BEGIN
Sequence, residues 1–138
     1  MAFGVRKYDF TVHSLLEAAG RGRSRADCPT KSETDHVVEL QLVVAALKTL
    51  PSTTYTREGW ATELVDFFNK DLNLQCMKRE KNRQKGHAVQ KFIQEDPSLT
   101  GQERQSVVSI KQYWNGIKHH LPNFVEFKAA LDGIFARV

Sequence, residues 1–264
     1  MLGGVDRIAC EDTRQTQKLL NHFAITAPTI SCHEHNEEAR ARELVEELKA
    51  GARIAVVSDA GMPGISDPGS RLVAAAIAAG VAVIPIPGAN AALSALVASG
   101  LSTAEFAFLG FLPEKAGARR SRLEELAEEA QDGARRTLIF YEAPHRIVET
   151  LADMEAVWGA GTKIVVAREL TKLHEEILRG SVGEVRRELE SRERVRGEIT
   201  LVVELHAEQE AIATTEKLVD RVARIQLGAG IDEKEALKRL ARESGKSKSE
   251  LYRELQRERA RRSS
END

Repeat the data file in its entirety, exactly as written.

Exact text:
Sequence, residues 1–138
     1  MAFGVRKYDF TVHSLLEAAG RGRSRADCPT KSETDHVVEL QLVVAALKTL
    51  PSTTYTREGW ATELVDFFNK DLNLQCMKRE KNRQKGHAVQ KFIQEDPSLT
   101  GQERQSVVSI KQYWNGIKHH LPNFVEFKAA LDGIFARV

Sequence, residues 1–264
     1  MLGGVDRIAC EDTRQTQKLL NHFAITAPTI SCHEHNEEAR ARELVEELKA
    51  GARIAVVSDA GMPGISDPGS RLVAAAIAAG VAVIPIPGAN AALSALVASG
   101  LSTAEFAFLG FLPEKAGARR SRLEELAEEA QDGARRTLIF YEAPHRIVET
   151  LADMEAVWGA GTKIVVAREL TKLHEEILRG SVGEVRRELE SRERVRGEIT
   201  LVVELHAEQE AIATTEKLVD RVARIQLGAG IDEKEALKRL ARESGKSKSE
   251  LYRELQRERA RRSS